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Ludwig van BEETHOVEN (1770 – 1827)
The Nine Symphonies
CD 1
Symphony No. 1 in C Major, Op.21 (1800) [23.11]
Symphony No. 3 in E Flat, Op. 55, Eroica (1803) [48.48]
CD 2
Symphony No. 2 in D Major, Op.36 (1801) [31.27]
Symphony No. 7 in A, Op.92 (1812) [37.36]
CD 3
Symphony No. 4 in B Flat, Op. 60 (1806) [34.00]
Symphony No. 5 in C Minor, Op.67 (1808) [30.53]
Coriolan Overture Op.62 (1807) [9:08]
CD 4
Symphony No. 6 in F, Op.68, Pastoral (1808) [37.30]
Symphony No. 8 in F, Op.93 (1812) [26.27]
Egmont Overture Op.84 (1809) [8:36]
CD 5
Symphony No. 9 in D Minor, Op.125, Choral (1824) [65.32]
Elisabeth Schwarzkopf (soprano); Marga Höffgen (contralto); Ernst Haefliger (tenor); Otto Edelmann (baritone)
Chor der Gesellschaft der Musikfreunde, Vienna
Philharmonia Orchestra/Herbert von Karajan
rec. Kingsway Hall, London, November 1951 (Symphony 7 ), November 1952 (Symphony 3), June-July 1953 (Symphony 6, Egmont, Coriolan), November 1953 (Symphonies 1, 2, 4, 7), November 1954 (Symphony 5), May 1955 (Symphony 8) and Musikvereinssaal, Vienna, July 1955 (Symphony 9)
EMI CLASSICS 5158632 [5 CDs: 72.04 + 69.07 + 74.03 + 72.38 + 65.32]
Experience Classicsonline

Herbert von Karajan’s first cycle of Beethoven’s symphonies with the Philharmonia Orchestra on EMI has always been something of an ugly duckling when compared to the various Berlin Philharmonic incarnations on Deutsche Grammophon. Now reissued in a bargain 5 CD box, this is part of the truckload of Karajan 100th anniversary releases, which will no doubt raise controversy in some quarters and be welcomed in others. For me, if it’s nicely produced and cheaper than a box of quasi half-decent cigars then ‘bring it on’ as they say, and this box is certainly no slouch when it comes to presentation.
Housed in a slimline case with nicely firm cardboard sleeves for the discs, the booklet has an introduction and a wealth of information on each symphony by respected Beethoven writer Richard Osborne. There is, somewhat to my amazement, no text on the conductor at all – no gushing tributes or masses of photos – all this has apparently been left for the website, which is fine by me, even though some context and comment on the relationship Karajan had with EMI and the Philharmonia might have been interesting. The only indication that this is anything special is the ‘approved logo’ on the box, but at least we are spared artefacts such as the gloriously cheesy photos of the maestro and the sections of the orchestra in the original 1977 DG Beethoven Symphonies box set of LPs.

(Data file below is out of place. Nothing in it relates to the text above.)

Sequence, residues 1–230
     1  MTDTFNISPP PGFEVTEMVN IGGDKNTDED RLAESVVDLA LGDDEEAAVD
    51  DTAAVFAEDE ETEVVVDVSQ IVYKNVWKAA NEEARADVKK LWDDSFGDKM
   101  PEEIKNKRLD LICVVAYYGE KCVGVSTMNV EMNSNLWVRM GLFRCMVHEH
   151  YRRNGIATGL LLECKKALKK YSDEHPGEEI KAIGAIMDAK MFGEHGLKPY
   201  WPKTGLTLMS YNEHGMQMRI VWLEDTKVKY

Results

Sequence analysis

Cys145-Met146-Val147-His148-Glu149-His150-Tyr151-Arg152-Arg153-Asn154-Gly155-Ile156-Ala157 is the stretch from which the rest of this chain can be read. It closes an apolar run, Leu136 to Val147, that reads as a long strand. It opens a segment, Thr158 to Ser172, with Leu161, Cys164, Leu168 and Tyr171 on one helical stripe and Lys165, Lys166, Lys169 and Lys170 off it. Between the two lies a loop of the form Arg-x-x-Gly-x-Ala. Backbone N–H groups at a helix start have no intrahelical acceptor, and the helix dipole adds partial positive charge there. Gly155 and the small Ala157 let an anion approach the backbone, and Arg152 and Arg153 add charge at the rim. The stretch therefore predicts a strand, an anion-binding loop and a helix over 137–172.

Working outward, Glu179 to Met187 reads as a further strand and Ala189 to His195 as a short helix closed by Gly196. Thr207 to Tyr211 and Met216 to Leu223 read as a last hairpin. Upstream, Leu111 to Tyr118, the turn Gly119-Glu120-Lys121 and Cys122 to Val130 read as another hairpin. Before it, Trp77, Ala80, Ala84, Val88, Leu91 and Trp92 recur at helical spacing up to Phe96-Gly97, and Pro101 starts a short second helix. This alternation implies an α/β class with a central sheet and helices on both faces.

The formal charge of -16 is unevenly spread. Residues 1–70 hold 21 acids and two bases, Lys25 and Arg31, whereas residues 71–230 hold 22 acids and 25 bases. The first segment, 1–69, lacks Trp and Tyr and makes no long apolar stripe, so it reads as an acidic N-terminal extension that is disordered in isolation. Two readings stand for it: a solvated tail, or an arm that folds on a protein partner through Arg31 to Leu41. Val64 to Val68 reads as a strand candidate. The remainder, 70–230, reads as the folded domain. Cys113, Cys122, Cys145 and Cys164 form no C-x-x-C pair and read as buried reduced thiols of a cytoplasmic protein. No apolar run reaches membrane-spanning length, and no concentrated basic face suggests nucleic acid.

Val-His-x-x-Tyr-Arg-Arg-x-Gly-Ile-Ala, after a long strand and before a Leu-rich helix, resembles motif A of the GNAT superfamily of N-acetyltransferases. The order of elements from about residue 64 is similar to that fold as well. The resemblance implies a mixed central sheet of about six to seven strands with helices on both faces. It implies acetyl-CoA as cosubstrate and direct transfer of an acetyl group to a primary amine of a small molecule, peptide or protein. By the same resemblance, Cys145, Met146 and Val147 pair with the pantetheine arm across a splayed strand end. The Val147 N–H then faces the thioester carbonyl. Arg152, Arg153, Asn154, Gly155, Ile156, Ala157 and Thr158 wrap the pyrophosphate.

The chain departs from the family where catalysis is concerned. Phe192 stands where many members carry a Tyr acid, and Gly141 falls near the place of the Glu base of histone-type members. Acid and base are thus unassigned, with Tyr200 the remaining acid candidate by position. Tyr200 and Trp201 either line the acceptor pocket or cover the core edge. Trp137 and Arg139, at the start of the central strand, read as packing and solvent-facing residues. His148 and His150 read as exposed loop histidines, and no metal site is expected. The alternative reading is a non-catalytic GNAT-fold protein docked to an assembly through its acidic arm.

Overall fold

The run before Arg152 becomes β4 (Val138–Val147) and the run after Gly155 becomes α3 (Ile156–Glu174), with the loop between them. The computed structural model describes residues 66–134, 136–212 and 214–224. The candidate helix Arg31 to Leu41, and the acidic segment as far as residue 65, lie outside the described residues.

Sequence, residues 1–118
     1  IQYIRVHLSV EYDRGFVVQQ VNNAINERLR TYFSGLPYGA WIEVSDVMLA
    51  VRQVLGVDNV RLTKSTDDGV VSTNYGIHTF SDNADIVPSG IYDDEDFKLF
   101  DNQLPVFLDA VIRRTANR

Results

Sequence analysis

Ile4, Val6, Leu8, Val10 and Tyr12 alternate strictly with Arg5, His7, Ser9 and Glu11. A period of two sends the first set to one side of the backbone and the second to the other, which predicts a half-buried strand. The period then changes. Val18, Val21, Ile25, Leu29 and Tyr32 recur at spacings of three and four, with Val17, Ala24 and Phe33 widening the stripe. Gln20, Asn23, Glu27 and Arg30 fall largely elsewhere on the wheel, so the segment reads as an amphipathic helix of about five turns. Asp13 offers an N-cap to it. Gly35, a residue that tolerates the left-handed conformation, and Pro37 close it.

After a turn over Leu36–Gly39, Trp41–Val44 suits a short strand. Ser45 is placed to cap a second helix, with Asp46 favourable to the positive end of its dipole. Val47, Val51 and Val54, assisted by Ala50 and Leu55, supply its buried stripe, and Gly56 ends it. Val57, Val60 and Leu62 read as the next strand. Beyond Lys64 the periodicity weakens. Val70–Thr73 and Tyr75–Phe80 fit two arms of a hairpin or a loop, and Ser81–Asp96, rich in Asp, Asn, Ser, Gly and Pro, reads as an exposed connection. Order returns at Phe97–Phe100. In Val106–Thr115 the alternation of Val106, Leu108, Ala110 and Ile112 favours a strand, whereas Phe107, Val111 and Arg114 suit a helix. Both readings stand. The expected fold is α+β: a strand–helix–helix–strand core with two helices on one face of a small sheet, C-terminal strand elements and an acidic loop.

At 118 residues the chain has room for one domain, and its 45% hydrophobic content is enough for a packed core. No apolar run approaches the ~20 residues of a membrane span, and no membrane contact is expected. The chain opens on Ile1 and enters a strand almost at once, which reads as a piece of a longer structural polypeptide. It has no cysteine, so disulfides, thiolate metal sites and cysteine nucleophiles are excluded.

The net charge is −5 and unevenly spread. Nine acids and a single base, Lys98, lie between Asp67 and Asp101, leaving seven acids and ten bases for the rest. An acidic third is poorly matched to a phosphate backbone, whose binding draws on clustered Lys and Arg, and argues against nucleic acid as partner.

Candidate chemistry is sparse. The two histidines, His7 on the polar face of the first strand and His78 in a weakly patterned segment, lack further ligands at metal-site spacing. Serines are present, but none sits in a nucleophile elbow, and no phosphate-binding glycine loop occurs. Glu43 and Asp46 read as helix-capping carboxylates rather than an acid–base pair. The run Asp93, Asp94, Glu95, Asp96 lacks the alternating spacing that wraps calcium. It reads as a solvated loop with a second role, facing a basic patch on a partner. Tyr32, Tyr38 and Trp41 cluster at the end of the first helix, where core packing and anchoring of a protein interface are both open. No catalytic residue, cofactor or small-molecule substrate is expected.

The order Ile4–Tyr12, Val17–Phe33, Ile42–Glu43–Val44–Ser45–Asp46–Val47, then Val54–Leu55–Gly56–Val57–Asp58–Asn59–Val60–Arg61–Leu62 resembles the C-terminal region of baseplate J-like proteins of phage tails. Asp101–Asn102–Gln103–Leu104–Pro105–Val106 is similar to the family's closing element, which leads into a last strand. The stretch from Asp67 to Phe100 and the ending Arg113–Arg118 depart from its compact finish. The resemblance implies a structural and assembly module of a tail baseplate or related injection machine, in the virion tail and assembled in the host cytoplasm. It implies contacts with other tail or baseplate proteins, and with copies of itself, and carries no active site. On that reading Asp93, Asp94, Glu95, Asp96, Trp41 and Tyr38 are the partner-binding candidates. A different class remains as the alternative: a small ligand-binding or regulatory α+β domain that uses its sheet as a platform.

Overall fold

The only anecdote I can contribute to the general centenary rush is the way my old flute teacher Gareth Morris once described Karajan’s conducting: “He conducted with his eyes closed, you know. He’d only look up if someone made a mistake ...” followed by an unforgettable impersonation of the grand maestro ‘looking up’- a nightmarishly minimal and menacingly slow-motion gesture which no doubt ensured that such a mistake was never again repeated. Every time I see a photograph with Karajan conducting with his eyes open I still think ‘oops, someone must have made a mistake’ – which would appear not to be the case judging by some of the pictures, but you get the drift. Morris much preferred working with Klemperer – a favourite with many Philharmonia players, and to whose Beethoven cycle I shall briefly return later.
With Pletnev’s Beethoven symphonic cycle still rattling around in my head (see review), I was quite pleasantly reminded of the reasonably no-nonsense approach Karajan had to these works way back when. The recordings are very mono, but while the 2008 remastering and ‘noise shaping’ has to my ears lost a little of the warmth of the original LPs, there are at least none of the nasties described in some of the EMI GROC series of late. The balance is bright-ish, but not unnaturally so, and there has been no artificial bass-boosting that I can tell. Tape hiss is still present, which is always something of a relief these days – no attempt to compress the signal in that way at least. The old recordings have that thinner sound that one might expect – oboes sounding a bit leathery, timps and basses a bit tubby, that kind of thing. It’s no worse than an equivalent black-and-white film of the period, so no complaints. Just don’t expect the superior quality and stereo of even the earliest DG Karajan set.